Sunday, February 28, 2010

Cache Innovation

I recently did a small survey of the state of SSD pricing. The results are grim!

  • If you are frugal a 128 GB 2.5" drive might be sufficient as a boot notebook or server hard disk
  • But the SSD price is still hovering between 400 and 700 CHF (1 CHF is about 1 USD)
  • By comparison a 16MB cache, 500GB Seagate Momentus 2.5 spinning disk costs only 130 CHF (130 USD)
  • The latest generation of drives now promise to be faster than their spinning counterparts. Claimed performance is now over 200MB/s read and 150MB/s write. Well allegedly (I mean excluding stuttering, multiple firmware problems, and badly designed notebook SATA interfaces)

Because of the expense there is growing interest in using the SSD as an intelligent cache to the rest of your computer disks. Here is a quick survey of the options

Adaptec MaxIQ

You need an Adaptec Series 2, Series 5 and Series 5Z Unified Serial Storage Controller

You get some software and an Adaptec SSD used to cache read write operations to a specific disk array. The limitations are:

  • You may not change the supplied 32GB SSD drive for another
  • The SSD is used to cache a particular RAID array. So if you create multiple arrays or are using RAID0 you have to choose which array to cache.
  • It is a 1000 CHF / USD add on, so not exactly a bargain

MaxIQ datasheet
Toms hardware MaxIQ review

Lenovo RapidDrive

For some new laptops Lenovo is adding a 32GB or 64GB SSD drive on a PCiE interface in conjunction with the normal 2.5" spinning hard disk. Some low level software is presumably responsible for shuffling the most active data onto the SSD and de-staging it to spinning disk as necessary.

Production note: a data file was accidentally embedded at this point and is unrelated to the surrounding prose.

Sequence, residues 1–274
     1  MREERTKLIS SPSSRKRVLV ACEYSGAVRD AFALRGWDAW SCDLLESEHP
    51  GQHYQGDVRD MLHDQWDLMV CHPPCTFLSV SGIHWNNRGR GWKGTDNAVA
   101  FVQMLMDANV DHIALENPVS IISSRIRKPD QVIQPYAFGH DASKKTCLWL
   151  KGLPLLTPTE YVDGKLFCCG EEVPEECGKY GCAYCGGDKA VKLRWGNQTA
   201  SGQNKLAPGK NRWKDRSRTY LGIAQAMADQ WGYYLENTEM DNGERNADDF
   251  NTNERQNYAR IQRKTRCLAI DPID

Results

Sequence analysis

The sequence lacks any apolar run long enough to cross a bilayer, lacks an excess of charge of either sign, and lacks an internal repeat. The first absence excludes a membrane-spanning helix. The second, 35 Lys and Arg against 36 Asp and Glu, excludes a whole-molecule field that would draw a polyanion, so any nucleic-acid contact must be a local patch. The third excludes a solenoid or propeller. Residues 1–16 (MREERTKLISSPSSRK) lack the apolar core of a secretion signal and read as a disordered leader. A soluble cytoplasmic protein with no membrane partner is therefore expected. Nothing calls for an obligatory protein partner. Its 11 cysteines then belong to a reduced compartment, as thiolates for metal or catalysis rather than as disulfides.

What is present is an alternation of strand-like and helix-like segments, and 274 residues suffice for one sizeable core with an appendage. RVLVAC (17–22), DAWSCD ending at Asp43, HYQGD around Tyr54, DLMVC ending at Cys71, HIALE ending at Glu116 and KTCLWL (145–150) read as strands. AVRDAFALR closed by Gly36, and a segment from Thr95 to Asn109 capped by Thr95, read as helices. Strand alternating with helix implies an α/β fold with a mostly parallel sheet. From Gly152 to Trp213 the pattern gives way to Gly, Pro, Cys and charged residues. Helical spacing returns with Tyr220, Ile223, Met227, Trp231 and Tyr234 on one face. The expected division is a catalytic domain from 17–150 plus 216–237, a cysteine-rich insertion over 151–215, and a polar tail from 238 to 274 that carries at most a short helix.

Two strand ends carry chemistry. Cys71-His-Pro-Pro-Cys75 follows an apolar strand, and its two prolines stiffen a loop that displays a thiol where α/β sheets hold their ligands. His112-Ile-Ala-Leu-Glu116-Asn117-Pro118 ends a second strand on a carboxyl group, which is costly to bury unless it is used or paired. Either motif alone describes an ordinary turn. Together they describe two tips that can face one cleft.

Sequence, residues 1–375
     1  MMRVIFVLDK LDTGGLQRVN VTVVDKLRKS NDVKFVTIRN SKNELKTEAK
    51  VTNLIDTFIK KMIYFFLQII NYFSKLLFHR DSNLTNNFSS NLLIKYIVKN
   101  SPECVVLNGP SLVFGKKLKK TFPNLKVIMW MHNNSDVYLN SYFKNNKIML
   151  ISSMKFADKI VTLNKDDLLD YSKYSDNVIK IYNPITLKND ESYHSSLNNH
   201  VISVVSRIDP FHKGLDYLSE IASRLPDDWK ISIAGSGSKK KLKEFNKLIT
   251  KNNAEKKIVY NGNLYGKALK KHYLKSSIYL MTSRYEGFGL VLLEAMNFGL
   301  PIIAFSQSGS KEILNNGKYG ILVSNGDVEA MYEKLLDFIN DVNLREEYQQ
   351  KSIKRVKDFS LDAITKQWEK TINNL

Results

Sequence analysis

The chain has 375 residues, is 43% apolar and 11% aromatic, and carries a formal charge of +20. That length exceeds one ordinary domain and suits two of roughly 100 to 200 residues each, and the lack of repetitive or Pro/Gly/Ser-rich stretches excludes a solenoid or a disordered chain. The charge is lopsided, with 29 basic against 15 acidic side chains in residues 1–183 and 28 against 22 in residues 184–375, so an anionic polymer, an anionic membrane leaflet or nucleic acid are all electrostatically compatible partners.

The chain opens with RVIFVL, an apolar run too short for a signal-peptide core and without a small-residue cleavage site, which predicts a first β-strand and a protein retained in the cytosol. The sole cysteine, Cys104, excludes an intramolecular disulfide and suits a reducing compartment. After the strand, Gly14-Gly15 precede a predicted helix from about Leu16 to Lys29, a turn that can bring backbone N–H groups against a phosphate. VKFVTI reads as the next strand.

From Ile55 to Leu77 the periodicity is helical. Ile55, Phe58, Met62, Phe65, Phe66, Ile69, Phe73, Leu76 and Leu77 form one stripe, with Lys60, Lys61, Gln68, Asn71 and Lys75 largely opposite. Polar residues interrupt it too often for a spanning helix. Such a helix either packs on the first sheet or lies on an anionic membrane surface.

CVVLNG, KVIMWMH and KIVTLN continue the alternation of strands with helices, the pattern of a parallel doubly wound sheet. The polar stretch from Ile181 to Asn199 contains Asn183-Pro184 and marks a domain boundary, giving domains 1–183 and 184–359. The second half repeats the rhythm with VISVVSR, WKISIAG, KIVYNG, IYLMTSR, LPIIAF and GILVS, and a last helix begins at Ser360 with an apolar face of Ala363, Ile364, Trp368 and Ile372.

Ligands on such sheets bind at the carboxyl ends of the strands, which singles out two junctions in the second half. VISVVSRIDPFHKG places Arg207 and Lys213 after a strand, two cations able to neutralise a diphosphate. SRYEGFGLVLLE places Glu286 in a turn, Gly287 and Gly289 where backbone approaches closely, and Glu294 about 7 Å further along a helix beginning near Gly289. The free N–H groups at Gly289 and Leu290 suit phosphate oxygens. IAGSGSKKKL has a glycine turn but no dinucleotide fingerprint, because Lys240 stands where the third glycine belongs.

RapidDrive description
RapidDrive article

Raidon HyBrid Disk
No information yet

Silverstone HDDBoost

I like this solution because it is inexpensive, although you do have to buy the expensive SSD. The review below does show performance benefits. I particularly like the design decision that means that all disk writes go straight to hard disk.

Any other Business
I will not dwell on the reverse (and insane) solutions which aggregate SSD disks into an ever more expensive solution. Examples OCZ Colossus, RAMSAN disks

Spending My own money!
It's really my money that I am spending. So IMHO the way forward is still

  • It goes without saying that OSX/ Windows users can make use of RAM rich environments to eliminate application paging as well as technologies likeReadyBoost
  • Not to use any of the above caching solutions, since the cost of SSD is still unacceptably high.
  • For desktop computers invest in a 15K SAS disk and controller
  • Or invest in a spinning WD VelociRaptor
  • For notebooks, keep the faith, keep your disk defragged with Auslogics or similar
  • When the insanely high SSD prices drop to less than 2x spinning then think again.

Ungrateful Kitty

Yes we are on feeding the cat duty again this week because a good friend (and kitty owner) has gone to Japan on a Earthquake holiday.
Marcus is ready to go. Agata is photo shy.

Beginning of our secret route into Lausanne

Small shops and Big prices in central Lausanne

Next is Renens. Things are a little upside down here.

I am so excited! STEG, the leading computer store has moved to Renens. They took over premises from the old Erotic superstore!

Oh my God. Graffiti in Lausanne. I am shocked.

Whooa. Curvy buildings are in construction next to the University of Lausanne (UNIL)

Arrival at kittyville

Okay, you are good to go. I have replace your water and food supplies.

Kitty is eventually found under the bed. But, he absolutely refuses to come out

Onto the Olympic Museum Lausanne

The Vancouver exhibition was disappointing. Some native art and a few generic displays on winter sports.

Some past Winter Olympic highlights

Frustrated I went to the basement kids area to watch some videos. Best exhibit here!

So to summarise, I have to say I've just been on a 30Km plus round trip run to feed the ungrateful kitty. He hid under the bed the whole time I was visiting. Bloody typical.

Friday, February 26, 2010

The Cost of Linux

Back in the day, and the day was roughly 1995 I recall I joined the Slackware subscription service from Walnut Creek. At regular intervals an increasing number of red CDROMs would arrive packed full of the latest LINUX distributions.

For my reading pleasure there was the magazine Linux Journal

Now all this was pretty affordable as I was then living in America. It was seemingly no problem to ship CDs or paper across this entire country and at low low cost.

Fast forward about 15 years and we arrive today in 2010.

Linux software is eminently torrentable and I've switched allegiance to the UK magazine Linux Format.